The leading contender for a compelling spinoff would have to be Sunny

Dee-Lite. In The Queens, she bares her beautiful soul, recounting how her family decided that she no longer existed. It is a heartbreaking confessional moment, but Sunny survives proudly. “I’ve been in this industry a long time,” Sunny Dee-Lite said. “In competition, there’s a certain drive that you have, but there’s also the friendships that you build and that you nurture over the years.” She summons up her regal past: “Long before there was RuPaul’s Drag Race, long before there was TV vigilance for transgender women as well as pageant competitors from the LGBTQ community, this was how you branded yourself. This was how you expanded your name, your market, and how you were able to travel the nation and gain notoriety, was by doing pageants of this nature. It’s definitely an investment.” But Sunny Dee-Lite invests more than just time into Miss Continental; she spends tens of thousands of dollars competing for pageant prominence. “A monetary prize that you win in a pageant, you will never get compensated

for what you invested into the pageant. But your dream and your goal, that has no monetary value. That’s something that’s within you, and it’s such a feeling of satisfaction when you actually achieve that goal and when you’ve been able to fulfill that dream,” she said. Sunny Dee-Lite’s ambition ripples through the screen and into your

streaming reality. The palpable tension in The Queens is a feat of compelling filmmaking, courtesy of Saxenmeyer. “The whole culture in the last decade around transgender rights, acceptance and understanding has just grown exponentially,” he said. “So when we started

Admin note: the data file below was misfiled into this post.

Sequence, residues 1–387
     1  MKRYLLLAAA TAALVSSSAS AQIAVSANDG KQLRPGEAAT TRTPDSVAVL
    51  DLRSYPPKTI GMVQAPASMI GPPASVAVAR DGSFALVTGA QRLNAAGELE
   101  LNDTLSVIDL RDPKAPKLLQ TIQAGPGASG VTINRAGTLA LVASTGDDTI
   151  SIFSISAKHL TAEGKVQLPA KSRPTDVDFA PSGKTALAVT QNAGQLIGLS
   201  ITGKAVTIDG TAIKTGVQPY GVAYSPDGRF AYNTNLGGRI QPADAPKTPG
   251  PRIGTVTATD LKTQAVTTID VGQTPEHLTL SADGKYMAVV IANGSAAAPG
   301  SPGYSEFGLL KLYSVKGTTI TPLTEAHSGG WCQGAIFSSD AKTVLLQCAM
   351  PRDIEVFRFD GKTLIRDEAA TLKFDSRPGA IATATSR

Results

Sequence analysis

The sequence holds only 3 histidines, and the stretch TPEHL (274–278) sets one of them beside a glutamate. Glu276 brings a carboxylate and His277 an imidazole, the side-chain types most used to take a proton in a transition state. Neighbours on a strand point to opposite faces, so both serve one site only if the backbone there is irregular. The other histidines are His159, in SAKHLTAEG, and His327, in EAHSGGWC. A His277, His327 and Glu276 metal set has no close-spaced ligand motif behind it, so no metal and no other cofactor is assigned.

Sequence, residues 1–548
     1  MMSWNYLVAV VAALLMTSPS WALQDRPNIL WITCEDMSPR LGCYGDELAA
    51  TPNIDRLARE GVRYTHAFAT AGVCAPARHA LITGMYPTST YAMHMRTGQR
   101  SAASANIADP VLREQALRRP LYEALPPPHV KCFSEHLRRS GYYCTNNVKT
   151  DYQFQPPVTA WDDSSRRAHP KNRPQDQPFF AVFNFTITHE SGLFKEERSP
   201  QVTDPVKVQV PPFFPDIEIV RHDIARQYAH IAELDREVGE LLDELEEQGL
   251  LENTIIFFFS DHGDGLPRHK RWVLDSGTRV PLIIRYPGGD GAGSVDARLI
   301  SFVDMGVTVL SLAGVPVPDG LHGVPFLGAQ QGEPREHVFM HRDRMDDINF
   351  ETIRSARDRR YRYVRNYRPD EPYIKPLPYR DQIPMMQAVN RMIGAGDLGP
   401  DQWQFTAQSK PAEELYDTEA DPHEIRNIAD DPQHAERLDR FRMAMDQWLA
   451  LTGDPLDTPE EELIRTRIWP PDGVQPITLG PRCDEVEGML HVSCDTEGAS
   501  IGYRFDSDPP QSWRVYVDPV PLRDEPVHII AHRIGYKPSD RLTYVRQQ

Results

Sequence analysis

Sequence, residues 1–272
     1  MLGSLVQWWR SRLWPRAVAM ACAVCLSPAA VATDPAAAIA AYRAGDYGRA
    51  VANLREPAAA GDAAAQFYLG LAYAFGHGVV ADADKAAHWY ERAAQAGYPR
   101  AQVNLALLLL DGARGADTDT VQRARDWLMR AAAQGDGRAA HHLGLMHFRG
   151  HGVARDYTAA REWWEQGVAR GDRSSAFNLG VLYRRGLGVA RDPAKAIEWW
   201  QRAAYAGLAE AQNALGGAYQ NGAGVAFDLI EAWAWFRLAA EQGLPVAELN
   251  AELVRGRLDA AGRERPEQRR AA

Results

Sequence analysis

Jim Flint receives a kiss from a former Miss Continental winner

shooting this film in 2011 to today, that’s nine years. I mean, a lot has changed, and we made edits and changes along the way as we got feedback, because with anything, you have to adapt to those changes. So we did that, but at the same time, I tried to keep it representative of what it is and what it’s always been.” Community and competition collide at Miss Continental, a well-manicured nail-biter of a gathering that unfolds like a feather boa in The Queens. “I love telling stories that no one knows about,” Saxenmeyer said. “And outside of this slice of transgender subculture, I don’t think most people know about this, and it hopefully will open doors to not only the talent that’s there and give these performers a platform, but maybe give the whole showcase some kind of national viewing.” Speaking of which, Saxenmeyer invites audiences to rush into cyberspace and enjoy The Queens right damn now: “We’ve released it through Vimeo on Demand just to begin with, and hopefully we’ll get it to other platforms too, for people to see, but we encourage them to check it out.” Saxenmeyer nurtured The Queens from its royal birth to its award-winning

coronation on the world stage. “This is a labor of love,” he said. “I’m so glad it’s finally released.” The subjects in Saxenmeyer’s documentary engage in a spirited competition

in order to achieve their true victory: inclusion. Just like a pageant winner acknowledging her adoring crowd, the colors of the rainbow flag converge to flutter their message of harmony and diversity. Long may they wave.

Sunny Dee-Lite during the evening gown competition

September 2020 | @theragemonthly 17

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